During the Great Bay Half I came down with the worst side stitches ever (lasted 1.3 miles) due to going out way too fast. Unfortunately, this took me away from my 1:30 goal (finished 1:32). So with that out of reach I opted to actually think like a racer and linked up with a pack and slowly begin to gain time back. During the course of the final 5 miles I began to break apart the group by running solid negative splits. In the end, it was me and one other entering the last mile so I picked it up more knowing I had a good amount left in the tank. This effectively took away his ability to kick with me and I sprinted away over the last 500 or so meters.

    It wasn’t my best race, but it was fun to actually be a racer for once as opposed to simply running in alone without anyone to engage.

    Thanks for making me think about this. During this training period, working on this aspect of the mental game is important!

  9. That sounds like an awesome photo finish! 🙂 Pretty impressive how well you did with the mucusy lungs. Love your dead stare in that second picture hahaha. Another great race! Nothing like a 12 minute PR!

  10. Pretending to take deep breaths is something I’m really good at, it’s my way of convincing myself I’m not dying during a tempo run. It doesn’t usually work to well though. I like to pretend I’m stronger at the end of a race, that I’m giving it all I have. I try to practice this on training runs, but it doesn’t always work.

  11. So proud of you for chasing those girls down! Way to have that predator mentality. I have an okay kick, nothing to brag about. It’s basically really bad form so I call it a “Marathoner’s Kick” lol.

  12. Congrats! Even with being sick, you did amazing.
    I’m iffy when it comes to working out when sick…if I can carry on with daily life with the sickness is just a small annoyance (like if I have a bit of a sore throat or a cough) and I still feel up to working out I will, but if it’s anything more than that or being sick is just zapping my energy I hold off.

  13. Great race for not being at 100%! When I did run cross country in high school (only my freshman year), I did have a pretty good kick at the end. Typically for me now I do just try to run to the finish as hard as I can, but sometimes I’m already dying.

    I would have gone to the race too, especially since you already paid!

  14. I’ve heard that if you can breath you can race haha, but as long as it’s not a fever or physically aching then all is okay. It’s kind of funny because I just recently heard about the word “kick”. When I was at a race I was at the final stretch and a guy was rushing towards us and saying “kick, kick, kick!!!” I thought hmmm…guess he means go faster. So I did. I don’t have an amazing kick though, should work on that then I guess. Anyways, you raced awesome and you were sick…amazing!!!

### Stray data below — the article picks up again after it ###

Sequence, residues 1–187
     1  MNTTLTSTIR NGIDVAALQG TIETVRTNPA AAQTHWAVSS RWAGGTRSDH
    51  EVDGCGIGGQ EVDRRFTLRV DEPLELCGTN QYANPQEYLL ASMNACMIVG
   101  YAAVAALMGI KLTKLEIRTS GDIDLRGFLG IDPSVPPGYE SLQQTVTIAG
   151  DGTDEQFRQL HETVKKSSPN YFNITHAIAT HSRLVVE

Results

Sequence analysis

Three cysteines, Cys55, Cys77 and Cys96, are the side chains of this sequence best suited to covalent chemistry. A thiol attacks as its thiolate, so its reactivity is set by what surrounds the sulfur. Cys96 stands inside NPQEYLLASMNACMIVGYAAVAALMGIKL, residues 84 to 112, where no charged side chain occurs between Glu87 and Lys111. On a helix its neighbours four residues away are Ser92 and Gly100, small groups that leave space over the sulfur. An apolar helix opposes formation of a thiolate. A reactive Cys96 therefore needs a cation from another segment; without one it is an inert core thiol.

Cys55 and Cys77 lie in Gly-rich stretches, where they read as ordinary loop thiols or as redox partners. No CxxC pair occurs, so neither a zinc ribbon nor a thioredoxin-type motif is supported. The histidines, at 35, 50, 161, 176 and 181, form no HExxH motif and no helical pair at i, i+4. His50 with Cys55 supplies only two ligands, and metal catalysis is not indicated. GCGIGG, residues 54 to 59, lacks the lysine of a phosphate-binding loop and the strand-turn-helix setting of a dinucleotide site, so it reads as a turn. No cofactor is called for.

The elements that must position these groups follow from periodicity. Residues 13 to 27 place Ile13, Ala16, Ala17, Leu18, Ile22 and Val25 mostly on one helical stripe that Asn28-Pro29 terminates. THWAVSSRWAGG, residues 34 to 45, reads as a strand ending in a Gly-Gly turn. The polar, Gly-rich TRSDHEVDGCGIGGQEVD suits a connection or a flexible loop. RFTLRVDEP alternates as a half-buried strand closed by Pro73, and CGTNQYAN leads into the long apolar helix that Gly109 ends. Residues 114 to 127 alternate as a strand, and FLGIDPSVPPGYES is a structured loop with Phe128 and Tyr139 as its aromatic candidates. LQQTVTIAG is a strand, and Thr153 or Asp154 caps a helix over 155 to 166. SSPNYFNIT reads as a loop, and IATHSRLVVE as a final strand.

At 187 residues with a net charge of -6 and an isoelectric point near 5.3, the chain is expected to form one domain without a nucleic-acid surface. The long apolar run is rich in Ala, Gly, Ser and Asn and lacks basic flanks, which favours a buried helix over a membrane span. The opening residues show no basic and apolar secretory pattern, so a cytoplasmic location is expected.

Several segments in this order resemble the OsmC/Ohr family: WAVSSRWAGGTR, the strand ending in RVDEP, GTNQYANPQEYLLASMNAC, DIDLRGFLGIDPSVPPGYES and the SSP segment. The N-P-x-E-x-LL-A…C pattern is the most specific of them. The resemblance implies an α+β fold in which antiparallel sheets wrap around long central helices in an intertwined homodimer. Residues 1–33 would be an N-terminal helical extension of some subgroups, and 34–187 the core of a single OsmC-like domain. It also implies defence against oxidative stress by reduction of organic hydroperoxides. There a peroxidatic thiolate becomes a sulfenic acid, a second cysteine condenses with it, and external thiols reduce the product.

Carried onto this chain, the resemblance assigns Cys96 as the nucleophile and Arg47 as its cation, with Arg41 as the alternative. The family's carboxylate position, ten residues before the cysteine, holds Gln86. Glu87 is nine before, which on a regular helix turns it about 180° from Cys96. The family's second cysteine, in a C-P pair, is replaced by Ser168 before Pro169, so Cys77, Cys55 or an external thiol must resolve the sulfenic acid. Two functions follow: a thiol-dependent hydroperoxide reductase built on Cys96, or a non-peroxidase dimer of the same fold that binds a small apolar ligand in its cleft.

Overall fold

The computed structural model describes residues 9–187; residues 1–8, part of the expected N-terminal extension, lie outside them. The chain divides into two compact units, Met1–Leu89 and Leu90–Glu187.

15. I’m a weeeeener. If I’m sick I skip life.
    AWESOME job on the race – I for some reason always feel like I didn’t run hard enough the rest of the race as I somewhow always have enough energy to put out a decent kick and pass a couple people. I’m not in the fast category though – middle of the pack climber 🙂

  16. You are awesome!! I cannot do anything when I’m sick. I’m a total baby and I use it as a cop-out. One thing I really need to get past is my mental stubbornness when it comes to working out. I can talk myself out of everything and it happens all too often.

  17. I wish I had been able to come to this race to cheer you on and to be with my mom. I liked this recap because you did show that you were driven to pass others and you were motivated throughout this race girl. I am sorry you got a little sick before this, but I also like that you didn’t let that stop you from having a great race. It shows how much you love this sport

  18. I have a pretty good kick, but I remember my XC coach yelling at me all the time like “if you can kick like that, you have too much energy!” because I would seriously see the chute and just sprint to pass everyone in it… and I would.

    I think there’s only been one race I just couldn’t kick and that was the Buff Half last month. I tried, but I was wiped.

    Great PR! It has to feel awesome to be able to count the females ahead of you and slowly pass them, especially given the “oh shit”. Number one pet peeve though is passing people (MEN) who look at you as you pass and get all offended and then try to race ahead of you. Sir, you have 2 more miles to go, if you want to waste your energy trying to sprint ahead of me right now, by all means go ahead and make my job easier when you’re dead in a mile.